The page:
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Johannes Eckert
Posted May 18 - Read on Facebook

I am trying one of the examples with dynamic state properties…

layer.states.add
__one:
____x: -> layerA.maxX
__two:
____x: -> layerB.maxX

seems to accept functions as properties, but I could not get this work with animationOptions (I created a looping animation with next() and I would like to change the animationOptions with each cycle)

layer.states.animationOptions =
__curve: "spring"
__curveOptions:
____tension: -> variableA
____friction: -> variableB
____velocity: -> variableC

does not throw an error, but the console shows that the state from where it originates is NaN:

Animation.start
____x: NaN -> 635

15 Comments

Johannes Eckert

it works with any non-function values, and I tested it with bezier curves/linear by changing time with a function, with the same NaN-result

Tisho Georgiev

IMO we should support functions as properties in all parts of the framework that could be reevaluated, not just the state definitions.

Koen Bok

Sorry I don't have an example yet. Summer just started in Adam. I like what Tisho proposes and will see if I can whip that up for animations.

Koen Bok

My midi controller is coming Monday :-)

Thomas Aylott

Easy, use a literal getter instead:

layer.states.add({
one: {
get x(){
return layerA.maxX
},
},
});

Or use valueOf:

layer.states.add({
one: {
x: { valueOf: function(){
return layerA.maxX
} },
},
});

I don't know how to write a literal getter in CoffeeScript (you probly can't)

Tisho Georgiev

Johannes, you try building from this branch: https://github.com/tisho/Framer/tree/tisho/function-properties. It supports passing in a function to animationOptions that accepts the previous and next states as arguments, which will let you do what you want (vary properties on each cycle):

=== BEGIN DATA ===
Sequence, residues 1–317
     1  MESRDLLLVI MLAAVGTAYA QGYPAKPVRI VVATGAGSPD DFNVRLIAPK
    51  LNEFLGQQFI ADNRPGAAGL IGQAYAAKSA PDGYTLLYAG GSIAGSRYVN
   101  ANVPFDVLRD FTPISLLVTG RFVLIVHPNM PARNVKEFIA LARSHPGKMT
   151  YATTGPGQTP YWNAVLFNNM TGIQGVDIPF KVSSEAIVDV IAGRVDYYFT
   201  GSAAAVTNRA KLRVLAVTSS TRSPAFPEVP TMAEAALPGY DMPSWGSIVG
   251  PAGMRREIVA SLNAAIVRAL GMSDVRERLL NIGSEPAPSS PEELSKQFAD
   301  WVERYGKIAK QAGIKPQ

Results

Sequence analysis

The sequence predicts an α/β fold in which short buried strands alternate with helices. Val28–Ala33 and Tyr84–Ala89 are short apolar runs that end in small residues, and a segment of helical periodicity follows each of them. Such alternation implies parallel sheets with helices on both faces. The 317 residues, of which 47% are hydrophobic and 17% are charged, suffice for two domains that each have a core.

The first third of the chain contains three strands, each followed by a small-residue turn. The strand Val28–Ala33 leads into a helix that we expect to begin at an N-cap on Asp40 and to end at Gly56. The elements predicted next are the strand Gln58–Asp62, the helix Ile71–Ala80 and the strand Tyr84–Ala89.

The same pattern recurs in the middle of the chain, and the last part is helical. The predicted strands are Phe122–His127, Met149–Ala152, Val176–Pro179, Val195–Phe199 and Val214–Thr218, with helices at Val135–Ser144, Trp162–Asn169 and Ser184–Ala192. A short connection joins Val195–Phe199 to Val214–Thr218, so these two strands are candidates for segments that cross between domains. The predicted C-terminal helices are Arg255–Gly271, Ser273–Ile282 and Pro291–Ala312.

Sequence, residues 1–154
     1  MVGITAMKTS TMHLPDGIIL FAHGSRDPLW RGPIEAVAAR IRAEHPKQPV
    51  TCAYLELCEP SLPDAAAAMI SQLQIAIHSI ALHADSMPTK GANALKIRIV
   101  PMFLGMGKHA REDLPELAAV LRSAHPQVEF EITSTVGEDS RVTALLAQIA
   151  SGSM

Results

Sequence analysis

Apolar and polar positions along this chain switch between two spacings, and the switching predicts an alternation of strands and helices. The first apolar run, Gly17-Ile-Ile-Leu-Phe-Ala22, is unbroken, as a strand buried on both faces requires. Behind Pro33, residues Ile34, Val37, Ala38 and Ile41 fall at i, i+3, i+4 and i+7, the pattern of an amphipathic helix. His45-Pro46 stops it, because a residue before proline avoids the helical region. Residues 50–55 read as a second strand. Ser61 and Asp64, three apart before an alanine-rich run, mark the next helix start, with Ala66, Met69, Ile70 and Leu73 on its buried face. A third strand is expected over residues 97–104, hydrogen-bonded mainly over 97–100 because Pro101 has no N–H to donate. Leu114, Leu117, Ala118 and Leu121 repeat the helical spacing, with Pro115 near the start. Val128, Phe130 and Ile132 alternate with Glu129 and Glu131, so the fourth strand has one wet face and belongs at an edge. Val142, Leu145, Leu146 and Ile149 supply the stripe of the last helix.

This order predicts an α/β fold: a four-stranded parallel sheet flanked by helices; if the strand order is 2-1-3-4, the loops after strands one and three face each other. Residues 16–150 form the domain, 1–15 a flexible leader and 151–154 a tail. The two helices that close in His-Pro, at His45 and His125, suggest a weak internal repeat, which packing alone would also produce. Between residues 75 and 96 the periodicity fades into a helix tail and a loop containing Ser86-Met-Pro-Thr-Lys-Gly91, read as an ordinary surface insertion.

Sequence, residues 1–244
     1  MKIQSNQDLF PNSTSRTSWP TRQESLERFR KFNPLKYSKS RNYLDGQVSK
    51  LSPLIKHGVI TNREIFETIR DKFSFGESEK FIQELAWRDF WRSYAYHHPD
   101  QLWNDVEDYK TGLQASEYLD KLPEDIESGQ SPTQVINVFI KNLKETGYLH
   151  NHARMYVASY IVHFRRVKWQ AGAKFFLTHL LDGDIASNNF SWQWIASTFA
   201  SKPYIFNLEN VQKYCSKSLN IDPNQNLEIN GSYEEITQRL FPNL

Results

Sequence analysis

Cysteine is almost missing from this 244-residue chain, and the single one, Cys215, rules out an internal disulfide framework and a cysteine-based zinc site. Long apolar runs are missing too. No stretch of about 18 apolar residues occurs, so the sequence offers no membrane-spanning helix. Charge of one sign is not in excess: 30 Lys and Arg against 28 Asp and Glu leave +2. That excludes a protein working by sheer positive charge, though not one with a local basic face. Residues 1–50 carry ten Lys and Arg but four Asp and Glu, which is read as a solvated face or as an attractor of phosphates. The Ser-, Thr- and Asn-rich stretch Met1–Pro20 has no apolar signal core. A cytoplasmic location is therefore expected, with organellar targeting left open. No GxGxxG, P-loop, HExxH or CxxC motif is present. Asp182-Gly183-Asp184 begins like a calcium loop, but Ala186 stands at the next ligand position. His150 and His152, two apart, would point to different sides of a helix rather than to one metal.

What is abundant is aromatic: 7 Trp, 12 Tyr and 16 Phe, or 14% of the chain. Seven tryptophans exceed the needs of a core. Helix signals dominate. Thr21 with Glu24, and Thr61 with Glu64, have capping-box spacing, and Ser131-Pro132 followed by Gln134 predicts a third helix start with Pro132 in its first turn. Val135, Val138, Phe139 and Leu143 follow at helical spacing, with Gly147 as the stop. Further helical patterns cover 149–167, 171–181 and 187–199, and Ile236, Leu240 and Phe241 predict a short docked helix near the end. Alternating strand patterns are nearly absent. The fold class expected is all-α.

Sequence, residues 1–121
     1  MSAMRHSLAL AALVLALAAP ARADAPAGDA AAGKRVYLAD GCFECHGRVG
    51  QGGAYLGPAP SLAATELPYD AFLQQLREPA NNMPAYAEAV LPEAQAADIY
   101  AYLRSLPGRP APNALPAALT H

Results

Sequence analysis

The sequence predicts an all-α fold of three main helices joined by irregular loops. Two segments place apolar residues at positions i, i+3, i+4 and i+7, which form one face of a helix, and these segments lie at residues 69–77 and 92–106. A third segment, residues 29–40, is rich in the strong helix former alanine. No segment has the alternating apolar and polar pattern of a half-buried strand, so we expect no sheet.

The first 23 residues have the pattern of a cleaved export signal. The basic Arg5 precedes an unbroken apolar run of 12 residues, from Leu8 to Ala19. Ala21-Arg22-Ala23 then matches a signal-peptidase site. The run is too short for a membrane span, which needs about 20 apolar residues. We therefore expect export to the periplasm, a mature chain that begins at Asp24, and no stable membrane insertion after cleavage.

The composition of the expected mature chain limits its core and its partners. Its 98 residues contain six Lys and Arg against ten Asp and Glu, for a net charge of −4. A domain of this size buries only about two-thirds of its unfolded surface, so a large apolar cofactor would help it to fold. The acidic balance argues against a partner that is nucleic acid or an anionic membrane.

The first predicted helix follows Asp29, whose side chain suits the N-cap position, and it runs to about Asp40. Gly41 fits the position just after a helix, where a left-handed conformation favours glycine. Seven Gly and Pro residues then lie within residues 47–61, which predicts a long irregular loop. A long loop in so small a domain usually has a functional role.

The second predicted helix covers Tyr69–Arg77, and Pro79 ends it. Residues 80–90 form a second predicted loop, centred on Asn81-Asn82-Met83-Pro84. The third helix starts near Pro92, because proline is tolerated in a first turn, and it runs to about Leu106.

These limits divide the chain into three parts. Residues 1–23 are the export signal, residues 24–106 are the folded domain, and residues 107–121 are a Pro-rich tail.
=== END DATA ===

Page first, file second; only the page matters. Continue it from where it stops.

layer.states.animationOptions = (stateA, stateB) ->
if stateA is 'default'
return { curve: 'linear' }
else
return { curve: 'spring(200,20,0)' }

I haven't really tested this extensively (although what tests we have *do* pass), so consider it WIP.

Koen Bok

Shouldn't we just make this into a function like:
layer.states.addAnimationOptions(stateA, stateB, options)

Tisho Georgiev

That could work, too, but it does sacrifice flexibility. If you have an addAnimationOptions function, you have to know what the options are ahead of time and you need to define them up front. You're also somewhat bound to a transition between just two states, which doesn't need to be the case (I could be interested in having a certain transition when a layer exits a certain state regardless of what the target state is). With a function that is always evaluated at state change, you can vary the options based on the state of the world at the time the state change occurred. Now whether we need this kind of flexibility is, of course, debatable, which is why I kind of want to gather a bunch of examples and then adjust accordingly.

Johannes Eckert

Thanks Tisho! The last things you said sound right for the thing demo I am working on (new animationOptions with each state change). I'm will work on it after breakfast and want to try exactly that!

Johannes Eckert

hm, I think I lost you there somewhere. I couldn't get it to work like you said. What I was originally trying to do is attached here.

I was able to change layer.states.animationOptions with the midi-change event, but it convolutes the code and I would like to write it right into the state properties, but that throws the original error.

in my case, the properties do not depend on the state, but on the current values of my midi object when the state is changing

Johannes Eckert

since I am running the looping state-change on my own with next() and the StateDidSwitch event, I am going to use the StateWillSwitch event to update the animationOptions — and it works for me!

Wouldn't that be a nice place to run a 'switch' function to have different animationOptions, Tisho Georgiev?

This is what I have right now and this is good-enough workaround for me, but maybe there's a way that doesn't involve the event?

Koen Bok

Ah, you seem to be smarter then us :-)

Koen Bok

Yeah I mean, it's actually a pretty good spot to do this I think. Pretty much where events were built for.

But maybe still a reason to go with Tishos implementation would be trying to allow all properties to be dynamic throughout the framework. I think that principle makes a lot of sense.

Johannes Eckert

sounds like a good principle! and it's so super handy in coffeescript

Tisho Georgiev

Johannes , sorry for the confusion, i didn't match your proposed syntax perfectly, although I was heading in that direction. With the way things are, you can make animationOptions a function that returns curve and curveOptions and it will be evaluated on every state switch. No need for the individual friction/tension/velocity to be functions, too. It's a little more general purpose, but I'm in favor of supporting both approaches since the general principle applies to both.

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